The MK-17 was the first operational USAF thermonuclear "H-Bomb" (The "H" refers to the hydrogen which was fused under intense heat conditions to produce unprecedented energy yields).
The MK-17 was carried by B-36s and was in service from 1954 until 1957. By today's standards, it was extremely large and heavy. It had a casing 3 1/2 inches thick, a length of 24 feet 10 inches, diameter of 5 feet 2 inches and a loaded weight of 41,400 pounds. When the bomb was test-dropped, pilots said the bomber might soar upward several hundred feet, having been lightened of such a load.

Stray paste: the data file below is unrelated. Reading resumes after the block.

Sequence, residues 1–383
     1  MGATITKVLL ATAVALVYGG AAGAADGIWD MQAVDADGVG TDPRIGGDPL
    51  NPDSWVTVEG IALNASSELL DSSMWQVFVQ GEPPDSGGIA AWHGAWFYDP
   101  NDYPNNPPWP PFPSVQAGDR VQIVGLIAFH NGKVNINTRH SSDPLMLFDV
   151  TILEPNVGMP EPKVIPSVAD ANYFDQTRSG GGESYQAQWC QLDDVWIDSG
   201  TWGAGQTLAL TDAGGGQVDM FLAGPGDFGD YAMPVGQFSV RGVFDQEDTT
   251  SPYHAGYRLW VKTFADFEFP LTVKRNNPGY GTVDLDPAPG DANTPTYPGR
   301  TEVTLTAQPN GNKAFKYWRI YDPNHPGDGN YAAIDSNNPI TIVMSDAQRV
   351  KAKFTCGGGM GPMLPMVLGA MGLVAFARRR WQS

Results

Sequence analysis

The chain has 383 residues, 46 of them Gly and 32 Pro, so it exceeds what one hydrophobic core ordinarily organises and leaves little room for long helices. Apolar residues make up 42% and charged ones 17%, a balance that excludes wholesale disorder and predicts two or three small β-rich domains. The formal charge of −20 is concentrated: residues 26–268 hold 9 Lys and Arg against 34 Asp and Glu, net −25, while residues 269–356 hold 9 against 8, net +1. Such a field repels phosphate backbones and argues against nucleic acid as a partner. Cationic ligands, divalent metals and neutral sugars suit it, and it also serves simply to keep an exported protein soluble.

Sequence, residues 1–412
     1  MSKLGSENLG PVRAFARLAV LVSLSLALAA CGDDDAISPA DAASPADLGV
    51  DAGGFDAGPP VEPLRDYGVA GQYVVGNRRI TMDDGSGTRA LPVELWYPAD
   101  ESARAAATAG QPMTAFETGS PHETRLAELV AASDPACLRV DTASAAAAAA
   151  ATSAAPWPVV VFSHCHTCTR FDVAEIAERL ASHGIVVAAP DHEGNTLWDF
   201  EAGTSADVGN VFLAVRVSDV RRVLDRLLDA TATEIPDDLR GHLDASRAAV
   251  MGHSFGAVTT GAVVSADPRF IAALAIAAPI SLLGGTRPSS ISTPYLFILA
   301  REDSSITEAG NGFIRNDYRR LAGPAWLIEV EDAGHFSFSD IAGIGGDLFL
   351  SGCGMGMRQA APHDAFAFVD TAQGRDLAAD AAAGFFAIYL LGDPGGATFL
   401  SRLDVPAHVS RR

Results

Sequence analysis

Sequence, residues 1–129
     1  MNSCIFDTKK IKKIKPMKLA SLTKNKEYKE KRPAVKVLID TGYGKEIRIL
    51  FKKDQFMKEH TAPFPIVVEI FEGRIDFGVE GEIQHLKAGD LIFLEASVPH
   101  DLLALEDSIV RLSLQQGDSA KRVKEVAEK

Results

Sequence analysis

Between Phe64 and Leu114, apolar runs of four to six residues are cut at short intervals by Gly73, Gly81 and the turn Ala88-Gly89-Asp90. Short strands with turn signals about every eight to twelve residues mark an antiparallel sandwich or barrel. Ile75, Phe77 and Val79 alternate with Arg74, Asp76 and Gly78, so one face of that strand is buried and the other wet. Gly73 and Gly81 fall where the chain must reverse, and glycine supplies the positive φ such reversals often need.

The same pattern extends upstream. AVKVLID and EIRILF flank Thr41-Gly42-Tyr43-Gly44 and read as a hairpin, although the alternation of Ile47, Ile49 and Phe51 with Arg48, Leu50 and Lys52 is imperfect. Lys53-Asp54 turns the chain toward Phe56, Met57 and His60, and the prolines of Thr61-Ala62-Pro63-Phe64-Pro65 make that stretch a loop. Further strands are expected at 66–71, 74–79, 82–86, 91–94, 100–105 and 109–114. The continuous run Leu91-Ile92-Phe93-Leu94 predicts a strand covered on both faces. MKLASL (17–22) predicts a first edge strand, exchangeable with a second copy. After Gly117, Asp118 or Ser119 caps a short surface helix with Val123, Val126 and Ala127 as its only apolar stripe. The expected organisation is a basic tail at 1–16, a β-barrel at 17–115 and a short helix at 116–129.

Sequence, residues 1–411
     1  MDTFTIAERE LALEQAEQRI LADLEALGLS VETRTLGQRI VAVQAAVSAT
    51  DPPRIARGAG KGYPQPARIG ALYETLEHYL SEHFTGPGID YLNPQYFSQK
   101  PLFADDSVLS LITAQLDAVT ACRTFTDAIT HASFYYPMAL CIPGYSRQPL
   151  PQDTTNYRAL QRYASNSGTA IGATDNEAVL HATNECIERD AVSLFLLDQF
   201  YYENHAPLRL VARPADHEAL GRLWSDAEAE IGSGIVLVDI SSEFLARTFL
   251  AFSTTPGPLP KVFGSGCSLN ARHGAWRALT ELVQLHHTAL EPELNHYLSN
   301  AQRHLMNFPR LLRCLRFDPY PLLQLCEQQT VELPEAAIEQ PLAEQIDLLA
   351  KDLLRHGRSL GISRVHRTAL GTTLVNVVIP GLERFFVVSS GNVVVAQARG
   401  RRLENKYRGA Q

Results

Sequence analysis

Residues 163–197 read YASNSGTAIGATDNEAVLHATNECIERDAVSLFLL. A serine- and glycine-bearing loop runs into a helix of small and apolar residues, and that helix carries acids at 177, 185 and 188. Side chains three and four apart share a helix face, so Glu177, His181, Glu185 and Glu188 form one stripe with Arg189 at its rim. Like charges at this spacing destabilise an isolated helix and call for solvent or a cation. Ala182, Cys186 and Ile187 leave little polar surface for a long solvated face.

The MK-17 had an explosive force (yield) in the megaton (one million tons of TNT) range. A 64-foot ribbon chute stabilized the MK-17 bomb when dropped and slowed its descent, giving the bomber greater time to escape the area of detonation. (Note: a plastic cover has been added to protect the parachute while on display.)
Miniaturization has been one of the major advances to affect the size of nuclear weapons from the 1950s until today for size is no longer an accurate gauge of a weapon's yield.
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